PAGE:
Freydis, however, secreted five extra warriors on her ship. Before you get ahead of yourself, brothers in the Viking Age were not always allies – the sagas and actual history are replete with family members turning on each other.
Getting there before Freydis, the brothers move into Eirik’s home. When the woman arrives, she makes them move their things and they are forced to build their own home for the coming winter.
During that season, she and the brothers engage in petty disputes and develop a nice, deep Viking hatred of one another, but when spring comes, Finnbogi tells Freydis that he is tired of always arguing. Freydis falsely tells him that she is tired of Vinland and wants to go home.
They strike a deal involving their ships and some goods, and Freydis goes home, where she tells her husband Thorvard a totally different story. Sounds like a Viking soap-opera, and its about to get bloody.
Freydis spins a lie about how the brothers took advantage of her in a deal and how one actually hit her. She keeps egging her man on until he agrees to take the rest of their party and seek revenge.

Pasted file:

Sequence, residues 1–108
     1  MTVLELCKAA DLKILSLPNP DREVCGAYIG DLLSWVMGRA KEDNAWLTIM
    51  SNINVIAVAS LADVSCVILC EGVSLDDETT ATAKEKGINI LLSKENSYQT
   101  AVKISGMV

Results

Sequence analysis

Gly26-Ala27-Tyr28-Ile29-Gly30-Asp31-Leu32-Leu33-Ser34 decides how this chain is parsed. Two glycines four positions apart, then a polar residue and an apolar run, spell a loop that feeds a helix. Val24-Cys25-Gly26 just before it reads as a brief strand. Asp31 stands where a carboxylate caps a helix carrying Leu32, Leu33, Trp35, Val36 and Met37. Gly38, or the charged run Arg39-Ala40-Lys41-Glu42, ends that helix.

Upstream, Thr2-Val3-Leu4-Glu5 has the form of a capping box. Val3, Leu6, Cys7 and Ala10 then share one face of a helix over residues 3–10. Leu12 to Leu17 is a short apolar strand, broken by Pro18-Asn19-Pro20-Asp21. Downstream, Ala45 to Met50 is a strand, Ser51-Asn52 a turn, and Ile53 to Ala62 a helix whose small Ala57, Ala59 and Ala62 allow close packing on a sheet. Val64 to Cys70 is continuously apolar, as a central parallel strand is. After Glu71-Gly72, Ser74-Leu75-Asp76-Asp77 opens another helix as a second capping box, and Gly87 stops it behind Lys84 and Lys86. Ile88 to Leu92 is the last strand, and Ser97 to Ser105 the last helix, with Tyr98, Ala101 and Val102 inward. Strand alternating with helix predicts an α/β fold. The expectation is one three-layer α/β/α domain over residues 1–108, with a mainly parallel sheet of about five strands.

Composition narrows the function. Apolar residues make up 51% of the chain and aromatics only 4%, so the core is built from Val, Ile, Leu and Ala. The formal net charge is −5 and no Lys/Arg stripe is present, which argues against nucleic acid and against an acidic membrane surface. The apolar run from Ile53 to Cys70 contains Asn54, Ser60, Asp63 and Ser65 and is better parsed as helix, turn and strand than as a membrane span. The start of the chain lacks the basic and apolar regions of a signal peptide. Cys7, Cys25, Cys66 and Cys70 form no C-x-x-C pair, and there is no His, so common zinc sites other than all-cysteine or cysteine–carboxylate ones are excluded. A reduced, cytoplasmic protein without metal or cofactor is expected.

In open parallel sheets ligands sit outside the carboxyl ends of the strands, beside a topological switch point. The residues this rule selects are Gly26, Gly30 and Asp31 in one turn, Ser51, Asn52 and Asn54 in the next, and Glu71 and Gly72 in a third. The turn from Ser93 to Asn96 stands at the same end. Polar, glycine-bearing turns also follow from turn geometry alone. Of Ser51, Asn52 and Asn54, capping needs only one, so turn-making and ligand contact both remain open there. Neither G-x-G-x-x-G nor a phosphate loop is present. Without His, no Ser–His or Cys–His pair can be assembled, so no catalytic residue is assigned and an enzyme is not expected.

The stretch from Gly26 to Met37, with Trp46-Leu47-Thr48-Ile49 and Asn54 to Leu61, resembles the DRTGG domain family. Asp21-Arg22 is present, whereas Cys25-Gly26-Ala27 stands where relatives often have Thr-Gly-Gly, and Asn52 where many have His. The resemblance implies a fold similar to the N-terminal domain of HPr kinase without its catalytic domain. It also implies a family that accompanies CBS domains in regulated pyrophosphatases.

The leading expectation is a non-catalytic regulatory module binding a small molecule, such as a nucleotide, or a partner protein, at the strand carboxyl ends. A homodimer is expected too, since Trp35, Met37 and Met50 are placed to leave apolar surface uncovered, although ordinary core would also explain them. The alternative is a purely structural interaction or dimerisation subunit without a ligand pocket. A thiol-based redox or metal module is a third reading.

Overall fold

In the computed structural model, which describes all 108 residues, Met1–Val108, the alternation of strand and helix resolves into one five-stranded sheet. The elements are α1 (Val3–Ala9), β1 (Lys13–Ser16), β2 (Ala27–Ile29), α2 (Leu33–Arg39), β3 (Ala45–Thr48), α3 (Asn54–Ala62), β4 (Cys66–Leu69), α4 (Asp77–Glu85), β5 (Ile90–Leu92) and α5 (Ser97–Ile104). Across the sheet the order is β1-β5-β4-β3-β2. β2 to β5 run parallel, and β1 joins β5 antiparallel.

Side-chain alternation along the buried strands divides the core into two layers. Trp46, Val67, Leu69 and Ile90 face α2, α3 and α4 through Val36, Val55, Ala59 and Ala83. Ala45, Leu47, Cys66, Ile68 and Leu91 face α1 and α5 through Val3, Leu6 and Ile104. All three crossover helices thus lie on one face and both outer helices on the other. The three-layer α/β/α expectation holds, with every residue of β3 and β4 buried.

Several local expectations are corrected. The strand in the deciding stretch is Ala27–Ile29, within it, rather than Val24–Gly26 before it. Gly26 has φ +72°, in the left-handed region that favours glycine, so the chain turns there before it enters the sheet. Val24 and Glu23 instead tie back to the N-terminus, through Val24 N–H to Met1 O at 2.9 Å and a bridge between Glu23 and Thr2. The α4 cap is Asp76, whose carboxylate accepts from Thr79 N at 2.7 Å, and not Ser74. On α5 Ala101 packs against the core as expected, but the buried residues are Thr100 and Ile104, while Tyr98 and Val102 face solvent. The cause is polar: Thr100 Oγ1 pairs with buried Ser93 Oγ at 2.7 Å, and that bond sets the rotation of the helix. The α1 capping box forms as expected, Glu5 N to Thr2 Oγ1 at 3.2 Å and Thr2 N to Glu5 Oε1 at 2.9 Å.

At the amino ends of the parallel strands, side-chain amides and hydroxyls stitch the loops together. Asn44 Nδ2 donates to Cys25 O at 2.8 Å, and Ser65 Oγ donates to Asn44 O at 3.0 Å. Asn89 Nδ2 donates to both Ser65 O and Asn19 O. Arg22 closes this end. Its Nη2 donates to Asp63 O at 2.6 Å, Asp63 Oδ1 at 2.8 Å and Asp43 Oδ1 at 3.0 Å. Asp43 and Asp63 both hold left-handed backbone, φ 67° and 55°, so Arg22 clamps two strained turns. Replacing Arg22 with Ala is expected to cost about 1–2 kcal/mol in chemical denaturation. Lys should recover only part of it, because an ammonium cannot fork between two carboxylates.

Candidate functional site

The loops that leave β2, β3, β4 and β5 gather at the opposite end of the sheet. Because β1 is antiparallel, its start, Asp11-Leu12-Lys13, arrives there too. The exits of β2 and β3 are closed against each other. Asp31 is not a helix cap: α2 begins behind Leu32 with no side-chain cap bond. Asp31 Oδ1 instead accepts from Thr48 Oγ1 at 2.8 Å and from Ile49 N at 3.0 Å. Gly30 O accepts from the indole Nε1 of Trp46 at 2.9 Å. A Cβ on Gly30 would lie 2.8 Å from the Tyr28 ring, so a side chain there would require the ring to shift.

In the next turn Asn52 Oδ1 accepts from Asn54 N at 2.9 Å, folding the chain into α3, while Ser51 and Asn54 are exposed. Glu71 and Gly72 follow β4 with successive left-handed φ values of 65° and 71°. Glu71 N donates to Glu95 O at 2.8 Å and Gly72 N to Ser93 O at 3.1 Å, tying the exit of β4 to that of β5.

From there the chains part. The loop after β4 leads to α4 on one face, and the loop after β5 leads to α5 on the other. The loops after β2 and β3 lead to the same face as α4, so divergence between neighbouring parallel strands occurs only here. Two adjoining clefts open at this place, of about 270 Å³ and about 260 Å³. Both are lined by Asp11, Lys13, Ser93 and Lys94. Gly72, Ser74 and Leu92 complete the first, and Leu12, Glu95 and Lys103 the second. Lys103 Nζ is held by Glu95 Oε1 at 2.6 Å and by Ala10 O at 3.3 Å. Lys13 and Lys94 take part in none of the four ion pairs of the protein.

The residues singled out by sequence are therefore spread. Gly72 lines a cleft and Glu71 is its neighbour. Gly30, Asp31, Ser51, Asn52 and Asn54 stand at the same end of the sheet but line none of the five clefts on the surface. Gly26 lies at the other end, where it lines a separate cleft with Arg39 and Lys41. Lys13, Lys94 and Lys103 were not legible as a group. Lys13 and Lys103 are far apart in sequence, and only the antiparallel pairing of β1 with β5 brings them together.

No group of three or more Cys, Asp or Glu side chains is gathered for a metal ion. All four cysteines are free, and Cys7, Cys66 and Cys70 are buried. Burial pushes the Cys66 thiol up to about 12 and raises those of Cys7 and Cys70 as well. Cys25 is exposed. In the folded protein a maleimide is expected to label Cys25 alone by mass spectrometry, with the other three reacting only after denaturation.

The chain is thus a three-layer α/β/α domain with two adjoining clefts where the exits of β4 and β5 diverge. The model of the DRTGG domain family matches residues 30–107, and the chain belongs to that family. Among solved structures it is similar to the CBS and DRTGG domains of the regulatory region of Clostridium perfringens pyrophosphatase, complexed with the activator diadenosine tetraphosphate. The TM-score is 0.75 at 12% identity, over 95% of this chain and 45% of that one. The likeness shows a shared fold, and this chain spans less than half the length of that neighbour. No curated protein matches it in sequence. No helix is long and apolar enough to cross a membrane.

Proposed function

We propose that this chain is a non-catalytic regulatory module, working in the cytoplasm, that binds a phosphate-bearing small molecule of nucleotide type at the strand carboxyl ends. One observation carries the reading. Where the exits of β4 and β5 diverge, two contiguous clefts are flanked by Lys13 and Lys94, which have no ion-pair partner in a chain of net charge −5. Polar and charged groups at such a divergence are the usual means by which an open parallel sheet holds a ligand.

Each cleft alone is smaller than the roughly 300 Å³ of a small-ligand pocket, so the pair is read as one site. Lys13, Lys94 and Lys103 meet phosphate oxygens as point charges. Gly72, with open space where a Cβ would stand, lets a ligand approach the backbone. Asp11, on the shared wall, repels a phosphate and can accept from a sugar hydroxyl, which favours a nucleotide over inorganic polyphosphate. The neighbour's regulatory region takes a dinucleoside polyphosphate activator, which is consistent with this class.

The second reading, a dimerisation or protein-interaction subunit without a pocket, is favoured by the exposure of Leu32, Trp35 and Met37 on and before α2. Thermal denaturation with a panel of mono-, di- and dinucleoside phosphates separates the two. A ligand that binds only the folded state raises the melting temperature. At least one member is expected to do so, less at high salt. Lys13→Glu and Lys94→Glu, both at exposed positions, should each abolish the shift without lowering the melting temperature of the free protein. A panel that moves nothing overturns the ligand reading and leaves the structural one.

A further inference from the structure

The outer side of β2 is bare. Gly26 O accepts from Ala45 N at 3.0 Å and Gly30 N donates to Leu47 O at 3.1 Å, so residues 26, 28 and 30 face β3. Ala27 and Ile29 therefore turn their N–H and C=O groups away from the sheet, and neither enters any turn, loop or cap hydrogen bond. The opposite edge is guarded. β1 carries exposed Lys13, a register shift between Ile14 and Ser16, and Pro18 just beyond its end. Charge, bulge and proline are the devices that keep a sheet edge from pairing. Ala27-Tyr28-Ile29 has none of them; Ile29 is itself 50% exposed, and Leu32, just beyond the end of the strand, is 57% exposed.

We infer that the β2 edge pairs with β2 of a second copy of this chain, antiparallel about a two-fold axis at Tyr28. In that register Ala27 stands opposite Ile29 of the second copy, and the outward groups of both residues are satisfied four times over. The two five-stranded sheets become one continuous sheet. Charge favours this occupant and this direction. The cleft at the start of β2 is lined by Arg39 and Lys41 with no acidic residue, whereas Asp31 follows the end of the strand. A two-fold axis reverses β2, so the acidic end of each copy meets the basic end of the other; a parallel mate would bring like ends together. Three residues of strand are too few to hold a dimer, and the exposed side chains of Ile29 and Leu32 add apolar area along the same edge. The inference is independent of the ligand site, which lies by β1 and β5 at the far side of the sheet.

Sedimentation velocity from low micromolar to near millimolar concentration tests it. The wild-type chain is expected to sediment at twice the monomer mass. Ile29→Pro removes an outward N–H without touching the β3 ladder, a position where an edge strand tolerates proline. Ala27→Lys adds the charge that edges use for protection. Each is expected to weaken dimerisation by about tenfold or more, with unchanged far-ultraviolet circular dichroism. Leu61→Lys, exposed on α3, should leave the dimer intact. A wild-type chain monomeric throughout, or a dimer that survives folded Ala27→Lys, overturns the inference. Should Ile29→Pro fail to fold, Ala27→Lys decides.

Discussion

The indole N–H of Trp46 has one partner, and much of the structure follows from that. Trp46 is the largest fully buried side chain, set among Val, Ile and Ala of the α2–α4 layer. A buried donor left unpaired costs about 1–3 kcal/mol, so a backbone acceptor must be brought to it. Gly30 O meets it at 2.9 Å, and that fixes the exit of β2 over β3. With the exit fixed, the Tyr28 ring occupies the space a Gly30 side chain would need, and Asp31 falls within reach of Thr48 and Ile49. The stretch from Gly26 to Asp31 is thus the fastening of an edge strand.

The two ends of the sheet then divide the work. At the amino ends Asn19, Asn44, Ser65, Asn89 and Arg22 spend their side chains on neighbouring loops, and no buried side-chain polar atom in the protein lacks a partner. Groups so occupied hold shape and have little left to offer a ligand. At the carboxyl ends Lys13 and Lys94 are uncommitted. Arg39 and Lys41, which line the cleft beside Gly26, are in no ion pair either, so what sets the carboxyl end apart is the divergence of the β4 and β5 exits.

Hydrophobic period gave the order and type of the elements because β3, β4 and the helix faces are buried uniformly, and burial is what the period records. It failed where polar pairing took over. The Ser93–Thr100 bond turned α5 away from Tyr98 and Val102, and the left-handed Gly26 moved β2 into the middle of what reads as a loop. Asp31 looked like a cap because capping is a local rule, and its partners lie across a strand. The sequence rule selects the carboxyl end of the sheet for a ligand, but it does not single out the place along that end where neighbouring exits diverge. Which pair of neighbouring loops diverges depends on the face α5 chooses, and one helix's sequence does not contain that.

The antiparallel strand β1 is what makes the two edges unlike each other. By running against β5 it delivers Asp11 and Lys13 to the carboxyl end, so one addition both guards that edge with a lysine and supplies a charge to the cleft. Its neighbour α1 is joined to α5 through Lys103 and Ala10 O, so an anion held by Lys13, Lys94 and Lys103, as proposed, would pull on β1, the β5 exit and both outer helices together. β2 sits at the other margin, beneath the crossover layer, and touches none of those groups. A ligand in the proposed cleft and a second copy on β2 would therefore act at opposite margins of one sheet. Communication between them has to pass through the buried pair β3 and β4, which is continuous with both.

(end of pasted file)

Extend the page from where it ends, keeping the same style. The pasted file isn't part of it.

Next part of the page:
Thorvard and his men sneak into the brother’s camp, take them unaware, and truss them up. Then kill them. Within minutes, the only people alive are the five women that were in the brother’s party.
Freydis wants them dead, too, but none of her men will do it. So, she grabs an axe herself and hacks them to death, and enjoys doing it. She then swears her men to silence, and heads home, telling her crew to tell any curious Icelanders that the brothers elected to stay in Vinland. For their silence, her men are rewarded handsomely back in Iceland.
The consequences? Well, none. Except – her brother Leif finds out and essentially puts a curse on her and her descendants. End of story.
In the other version, from Eirik’s Saga, Freydis comes across about as savage, but this time, it is the Native Americans of Vinland who draw her ire. Referred to in the sagas as “skraelings”, meaning “screamers” or “screechers” for their war cries, first contact with the Vikings leaves eight Indians dead on the beach.